Programme Paper

Project: Asia Programme

Associate Fellow, Asia Programme
  • Since the end of the civil war in 2009, there has been little progress in reforming Sri Lanka’s tattered democratic institutions, building reconciliation between communities or addressing the core grievances around political representation that fuelled the three-decade-long ethnic conflict. 
  • The government has declined to heed international calls for an independent war crimes investigation using its relationships with developing countries and with Russia and China to build support for its position at the UN Human Rights Council.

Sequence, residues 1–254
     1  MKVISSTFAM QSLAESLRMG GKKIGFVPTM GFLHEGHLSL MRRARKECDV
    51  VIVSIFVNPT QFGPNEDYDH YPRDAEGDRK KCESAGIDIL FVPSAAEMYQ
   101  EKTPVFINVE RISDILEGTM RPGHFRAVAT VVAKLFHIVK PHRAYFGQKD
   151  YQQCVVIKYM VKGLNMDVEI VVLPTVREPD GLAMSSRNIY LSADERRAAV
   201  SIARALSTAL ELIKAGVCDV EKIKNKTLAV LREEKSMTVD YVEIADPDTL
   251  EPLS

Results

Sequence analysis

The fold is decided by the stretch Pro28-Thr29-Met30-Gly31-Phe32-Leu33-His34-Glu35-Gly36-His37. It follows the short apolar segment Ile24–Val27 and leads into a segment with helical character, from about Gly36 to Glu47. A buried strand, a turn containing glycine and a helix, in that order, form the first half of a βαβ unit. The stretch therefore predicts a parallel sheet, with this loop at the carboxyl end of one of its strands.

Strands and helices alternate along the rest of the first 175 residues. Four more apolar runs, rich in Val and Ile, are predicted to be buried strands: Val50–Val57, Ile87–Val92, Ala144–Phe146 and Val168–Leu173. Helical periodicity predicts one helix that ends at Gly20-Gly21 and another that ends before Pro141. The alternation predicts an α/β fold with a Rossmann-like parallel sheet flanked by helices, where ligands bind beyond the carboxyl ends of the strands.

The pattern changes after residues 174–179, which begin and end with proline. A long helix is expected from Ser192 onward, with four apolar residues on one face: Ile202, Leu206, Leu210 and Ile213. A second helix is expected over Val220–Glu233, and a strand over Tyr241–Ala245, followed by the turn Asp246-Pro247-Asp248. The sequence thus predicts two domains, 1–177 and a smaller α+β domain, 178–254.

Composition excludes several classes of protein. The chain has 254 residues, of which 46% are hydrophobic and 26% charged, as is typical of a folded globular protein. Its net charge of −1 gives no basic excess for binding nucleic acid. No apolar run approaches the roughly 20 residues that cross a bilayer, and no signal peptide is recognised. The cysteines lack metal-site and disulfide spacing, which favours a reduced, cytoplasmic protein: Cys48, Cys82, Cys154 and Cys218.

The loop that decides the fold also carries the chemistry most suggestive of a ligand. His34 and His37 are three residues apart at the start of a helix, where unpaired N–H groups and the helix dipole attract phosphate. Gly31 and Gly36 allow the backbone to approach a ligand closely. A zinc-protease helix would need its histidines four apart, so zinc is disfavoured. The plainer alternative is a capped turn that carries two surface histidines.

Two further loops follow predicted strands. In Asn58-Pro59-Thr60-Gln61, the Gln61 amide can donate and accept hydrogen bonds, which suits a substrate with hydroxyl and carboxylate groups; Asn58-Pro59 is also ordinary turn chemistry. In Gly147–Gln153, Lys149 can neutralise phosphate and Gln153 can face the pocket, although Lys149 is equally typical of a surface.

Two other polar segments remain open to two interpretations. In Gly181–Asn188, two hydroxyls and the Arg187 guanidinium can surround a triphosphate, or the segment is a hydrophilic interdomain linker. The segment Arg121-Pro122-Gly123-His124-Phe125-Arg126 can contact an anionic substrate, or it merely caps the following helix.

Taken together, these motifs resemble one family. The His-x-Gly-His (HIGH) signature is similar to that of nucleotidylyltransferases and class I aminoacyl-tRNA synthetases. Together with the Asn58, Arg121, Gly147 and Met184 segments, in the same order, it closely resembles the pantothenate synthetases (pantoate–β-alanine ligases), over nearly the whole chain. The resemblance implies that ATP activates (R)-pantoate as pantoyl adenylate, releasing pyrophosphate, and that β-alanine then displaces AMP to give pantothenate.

• The United States, the EU and Japan have been diffident about applying concerted and coordinated pressure on Sri Lanka, while Russia and China have emerged as key allies in blocking UN action. In recent months there have been signs that shifts in India's position, dictated by a combination of external and domestic factors, could trigger steps which eventually lead to a process of accountability for acts committed during the civil war. 
  • A failure to address fundamental issues relating to accountability and political devolution in Sri Lanka is already generating nostalgia for the Liberation Tigers of Tamil Eelam (LTTE) among some sections of the Tamil population. Continuing violations of rights, impunity and an absence of meaningful political participation in governance for the citizens of the north-east have the potential to trigger a new cycle of conflict.